We're Obsessed

Matcha Snickerdoodles

March 17, 2015

There are those things we eat, make, read, and gush over that are just too good to keep to ourselves. Here, we resist the urge to use too many exclamation points and let you in on our latest crushes.

Today: A non-gimmicky green cookie for St. Patrick’s Day -- and every day.

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At first glance, William Werner’s pastries at San Francisco’s Craftsman & Wolves seem like high-end, modernist works of art. They’re classy affairs: a scone spiced by green curry and candied ginger, cinnamon buns filled with crème fraîche and grains of paradise, a chocolate croissant that’s stacked rather than rolled. Dried flowers and herbs and other little doodads top some. If it sounds too fancy, let me repeat: a cinnamon bun with crème fraîche. Intriguing, luscious, possibly irresistible, don’t you think? Werner’s pastries are smart and complex, but that doesn’t mean they’re too highfalutin to dig into.

His matcha snickerdoodles have a vegetal freshness that’s reminiscent of a freshly brewed green tea but butterier and sweeter (that's the matcha). Then there’s this other layer of sweetness that’s not cloying but rather enticing: It’s white chocolate. (White chocolate in a cookie and it's not overly sweet -- like, what?) The combination is new and interesting and “fresh,” but that’s not the point. The point is that they’re really, really good. They’re pillowy, with a crumbly outside that’s coated in the messy fun also known as matcha-flavored sugar. Sugar ends up on your fingers and around your mouth in a vaguely familiar sort of way -- like you are eating snickerdoodles. Or maybe you are eating snickerdoodles.

Some would say don’t mess with the snickerdoodle. Don’t touch a classic. But back to that thing about Werner’s pastries: He takes inspiration from traditional baked goods and, instead of mashing them up or taking them for a spin or "fusionizing" them, uses them as jumping off points for his own visions. In another person’s hands, a matcha snickerdoodle would be called a matchadoodle and it would be gimmicky in its green hue and therefore only eaten on St. Patrick’s Day. Even if these cookies weren't green, and even if it weren't St. Patrick's Day, they would still be wildly exciting.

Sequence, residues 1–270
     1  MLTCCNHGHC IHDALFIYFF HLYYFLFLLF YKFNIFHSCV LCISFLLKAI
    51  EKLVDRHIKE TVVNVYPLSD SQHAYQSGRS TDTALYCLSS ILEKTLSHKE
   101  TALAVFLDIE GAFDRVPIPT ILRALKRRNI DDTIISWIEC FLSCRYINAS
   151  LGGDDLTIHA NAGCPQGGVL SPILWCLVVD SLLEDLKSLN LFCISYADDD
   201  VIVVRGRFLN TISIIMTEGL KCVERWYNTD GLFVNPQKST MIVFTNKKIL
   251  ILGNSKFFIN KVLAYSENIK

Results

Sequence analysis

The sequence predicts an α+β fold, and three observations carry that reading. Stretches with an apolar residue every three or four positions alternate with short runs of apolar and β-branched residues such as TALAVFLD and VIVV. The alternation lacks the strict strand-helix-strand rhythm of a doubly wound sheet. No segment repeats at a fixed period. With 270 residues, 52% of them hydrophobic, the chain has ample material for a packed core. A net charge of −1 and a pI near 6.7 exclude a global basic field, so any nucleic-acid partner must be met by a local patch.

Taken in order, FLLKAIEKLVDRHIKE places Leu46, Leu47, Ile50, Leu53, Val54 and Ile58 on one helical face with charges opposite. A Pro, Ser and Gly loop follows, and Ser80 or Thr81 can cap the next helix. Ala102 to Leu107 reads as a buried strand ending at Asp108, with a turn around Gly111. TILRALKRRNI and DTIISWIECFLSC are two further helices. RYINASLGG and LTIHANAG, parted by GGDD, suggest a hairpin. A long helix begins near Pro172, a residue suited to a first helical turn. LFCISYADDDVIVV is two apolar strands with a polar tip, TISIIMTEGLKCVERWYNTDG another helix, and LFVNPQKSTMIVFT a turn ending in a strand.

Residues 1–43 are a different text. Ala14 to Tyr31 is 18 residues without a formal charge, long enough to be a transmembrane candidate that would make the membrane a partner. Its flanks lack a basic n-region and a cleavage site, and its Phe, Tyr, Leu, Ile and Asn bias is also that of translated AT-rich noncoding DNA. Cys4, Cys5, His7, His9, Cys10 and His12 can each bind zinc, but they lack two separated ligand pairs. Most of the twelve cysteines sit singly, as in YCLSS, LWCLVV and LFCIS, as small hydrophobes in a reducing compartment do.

Matcha Snickerdoodles

Makes 50 cookies

2 cups all-purpose flour
3/4 teaspoon baking soda
1/2 teaspoon kosher salt
2 tablespoons plus 1 1/2 teaspoons matcha, divided
1 cup (2 sticks) plus 2 tablespoons unsalted butter, cut into pieces, at room temperature
1/2 cup packed light brown sugar
1 1/2 tablespoons honey
1 large egg
1 large egg yolk
2 teaspoons finely grated lemon zest
3 ounces white chocolate, chopped
1/2 cup granulated sugar

See the full recipe (and save and print it) here.

Photos by James Ransom

See what other Food52 readers are saying.

  • Kenzi Wilbur
    Kenzi Wilbur
  • Sarah Jampel
    Sarah Jampel
  • addapinch
Editor/writer/stylist. Author of I Dream of Dinner (so You Don't Have To). Last name rhymes with bagel.


Kenzi W. March 17, 2015
Best line: "In another person’s hands, a matcha snickerdoodle would be called a matchadoodle and it would be gimmicky in its green hue and therefore only eaten on St. Patrick’s Day." This is so true! Great piece.
Sarah J. March 17, 2015
These are my new favorite cookie -- sweet with just the slightest bitter hint. I want to try all of Werner's other pastries!! (Werner, are you reading this?)
addapinch March 17, 2015
These cookies look fabulous! I love the different take on the snickerdoodle - which is one of my favorite cookies! So pretty!